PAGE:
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Virtual reality technology has become popular in recent years thanks to the availability of more affordable systems. Today, we can put on a head-mounted display and find ourselves in a completely different world, a virtual one in which the more we explore, the more new environments we can see and hear. However, how real a VR experience feels is quite dependent on our sense of self—and others—in the virtual world we have entered, an awareness realized in the form of avatars. How connected do we feel to our avatars? How realistic are the avatars around us—do they fit the style of the environment, behave how we expect, smile back at us? The believability of our surroundings is enhanced by these representations, which makes exploring answers to questions like these and others important to the continued advancement of the technology.
To empower research and academic institutions around the world to further investigate the relationship between people and their avatars and how it affects interactions with others in the virtual world, Microsoft is making the Microsoft Rocketbox library—a collection of 115 avatars representing humans of different genders, races, and occupations—a publicly available resource for free research and academic use. Microsoft Rocketbox can be downloaded from GitHub. The release of the library coincides with last week’s celebration of the 2020 IEEE Conference on Virtual Reality and 3D User Interfaces (IEEE VR) and the presentation of our latest in avatar research, an active area here at Microsoft Research.
The flexibility of the Rocketbox library
Originally developed by Rocketbox Studios GmbH and later supported by Havok, which Microsoft acquired in 2015, the Microsoft Rocketbox avatar library represents extensive work in research and prototyping conducted over a 10-year span. Rocketbox Studios released its first library of avatars, “Complete Characters,” in 2005. A new generation of highly detailed avatars and animations named “Complete Characters HD” was developed and released from 2010 to 2015. This is the library we’re now making public.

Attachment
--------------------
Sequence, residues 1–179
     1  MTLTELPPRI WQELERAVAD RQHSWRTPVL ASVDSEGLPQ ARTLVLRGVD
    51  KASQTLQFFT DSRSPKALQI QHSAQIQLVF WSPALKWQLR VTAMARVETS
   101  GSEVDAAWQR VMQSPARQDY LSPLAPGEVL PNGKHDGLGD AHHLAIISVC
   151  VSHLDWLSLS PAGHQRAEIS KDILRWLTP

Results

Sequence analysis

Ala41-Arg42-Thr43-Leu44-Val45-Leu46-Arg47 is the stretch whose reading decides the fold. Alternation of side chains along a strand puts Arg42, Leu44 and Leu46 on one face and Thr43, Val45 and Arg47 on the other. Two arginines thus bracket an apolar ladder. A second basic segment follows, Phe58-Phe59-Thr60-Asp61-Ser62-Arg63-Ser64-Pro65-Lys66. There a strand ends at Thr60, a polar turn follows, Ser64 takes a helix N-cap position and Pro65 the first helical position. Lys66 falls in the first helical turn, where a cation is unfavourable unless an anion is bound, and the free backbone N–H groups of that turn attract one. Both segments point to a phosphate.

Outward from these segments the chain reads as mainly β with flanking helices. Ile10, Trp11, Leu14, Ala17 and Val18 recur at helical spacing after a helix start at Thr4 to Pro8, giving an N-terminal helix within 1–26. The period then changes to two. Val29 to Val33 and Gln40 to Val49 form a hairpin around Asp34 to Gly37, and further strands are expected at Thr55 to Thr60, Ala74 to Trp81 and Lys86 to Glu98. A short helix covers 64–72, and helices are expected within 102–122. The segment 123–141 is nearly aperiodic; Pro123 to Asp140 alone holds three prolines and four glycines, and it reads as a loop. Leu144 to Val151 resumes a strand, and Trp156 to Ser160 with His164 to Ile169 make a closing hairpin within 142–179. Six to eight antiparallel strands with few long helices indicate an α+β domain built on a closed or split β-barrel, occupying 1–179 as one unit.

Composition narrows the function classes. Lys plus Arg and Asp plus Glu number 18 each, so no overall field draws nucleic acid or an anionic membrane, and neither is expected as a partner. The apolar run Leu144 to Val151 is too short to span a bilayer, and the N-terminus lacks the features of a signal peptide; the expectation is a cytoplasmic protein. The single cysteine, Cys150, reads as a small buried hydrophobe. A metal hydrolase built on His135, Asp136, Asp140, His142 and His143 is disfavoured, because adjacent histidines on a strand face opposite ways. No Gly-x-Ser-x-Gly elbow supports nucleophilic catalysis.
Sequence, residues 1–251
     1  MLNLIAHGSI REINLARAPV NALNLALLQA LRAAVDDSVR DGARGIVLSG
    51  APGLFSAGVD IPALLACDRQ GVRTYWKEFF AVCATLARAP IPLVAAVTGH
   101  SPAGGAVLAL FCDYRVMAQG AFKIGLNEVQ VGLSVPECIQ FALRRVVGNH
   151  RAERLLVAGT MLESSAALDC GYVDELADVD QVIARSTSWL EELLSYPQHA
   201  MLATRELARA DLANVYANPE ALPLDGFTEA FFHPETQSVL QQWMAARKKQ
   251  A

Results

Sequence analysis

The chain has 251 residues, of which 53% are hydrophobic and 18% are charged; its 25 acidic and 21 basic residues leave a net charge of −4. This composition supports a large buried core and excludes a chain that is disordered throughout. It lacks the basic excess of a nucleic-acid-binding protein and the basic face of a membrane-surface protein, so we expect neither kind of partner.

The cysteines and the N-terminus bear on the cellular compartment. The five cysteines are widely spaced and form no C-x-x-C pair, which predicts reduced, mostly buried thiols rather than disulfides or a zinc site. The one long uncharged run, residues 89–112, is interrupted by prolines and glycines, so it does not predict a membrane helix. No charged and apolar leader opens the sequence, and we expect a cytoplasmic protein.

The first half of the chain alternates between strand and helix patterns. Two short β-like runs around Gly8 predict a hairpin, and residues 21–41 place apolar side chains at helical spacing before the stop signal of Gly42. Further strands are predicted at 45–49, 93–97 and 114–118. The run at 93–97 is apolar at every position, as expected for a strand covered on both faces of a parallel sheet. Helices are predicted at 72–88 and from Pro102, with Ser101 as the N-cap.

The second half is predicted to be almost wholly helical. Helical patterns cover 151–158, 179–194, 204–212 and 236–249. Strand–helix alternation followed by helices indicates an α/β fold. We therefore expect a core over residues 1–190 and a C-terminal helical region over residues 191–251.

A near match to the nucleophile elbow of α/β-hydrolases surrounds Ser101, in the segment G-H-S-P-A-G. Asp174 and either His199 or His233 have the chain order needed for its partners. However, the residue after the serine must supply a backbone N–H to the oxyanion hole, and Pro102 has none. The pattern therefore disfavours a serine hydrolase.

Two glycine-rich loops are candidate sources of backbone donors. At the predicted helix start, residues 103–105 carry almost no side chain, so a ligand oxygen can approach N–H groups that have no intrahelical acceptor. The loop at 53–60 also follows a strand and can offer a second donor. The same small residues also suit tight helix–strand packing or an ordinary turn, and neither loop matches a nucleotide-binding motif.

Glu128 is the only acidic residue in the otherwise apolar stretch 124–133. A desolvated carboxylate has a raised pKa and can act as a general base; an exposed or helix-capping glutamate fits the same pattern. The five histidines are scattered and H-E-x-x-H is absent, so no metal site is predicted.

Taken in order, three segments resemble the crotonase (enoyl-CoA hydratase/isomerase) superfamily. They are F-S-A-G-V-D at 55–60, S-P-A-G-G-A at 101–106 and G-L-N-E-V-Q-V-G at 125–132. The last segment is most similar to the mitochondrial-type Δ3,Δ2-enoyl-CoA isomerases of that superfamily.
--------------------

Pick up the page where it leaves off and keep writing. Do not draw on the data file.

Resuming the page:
The library’s avatars are rigged, or equipped with an internal skeleton to allow easy animation, and have been used in laboratories worldwide. They’re designed to give researchers needed flexibility. For example, their geometry is designed to enable mixing heads and different bodies easily, as well as mixing and matching texture elements and outfits of different characters. Thanks to the common skeletal configuration across all the avatars, it’s also possible to use animation sets across all characters of the library without a need for tedious modifications. Facial animations, including eyebrows and lips, look correct on character variants. Because of these features, as well as the diversity of the characters and a selective poly resolution on the meshes, the library has been a popular research tool, used for such applications as VR, crowd simulation, and real-time avatar embodiment.
Avatar embodiment is one field of avatar research that the release of the Microsoft Rocketbox library will further enable. When you try to look at your body in virtual space, the near-eye display of the headset blocks your view of the real world and—with it—your view of your own body. Many VR applications still deploy such a mode, where the user is without a visible body—essentially, disembodied—and only the floating image of the handheld controllers is seen, creating a ghostlike quality. Such a mode has been widely adopted because it doesn’t interfere much with individuals’ “place illusion”—that is, the feeling that they’re located in a new place—and does a decent job at creating a “plausibility illusion,” or belief that events happening in the virtual environment are really happening around them.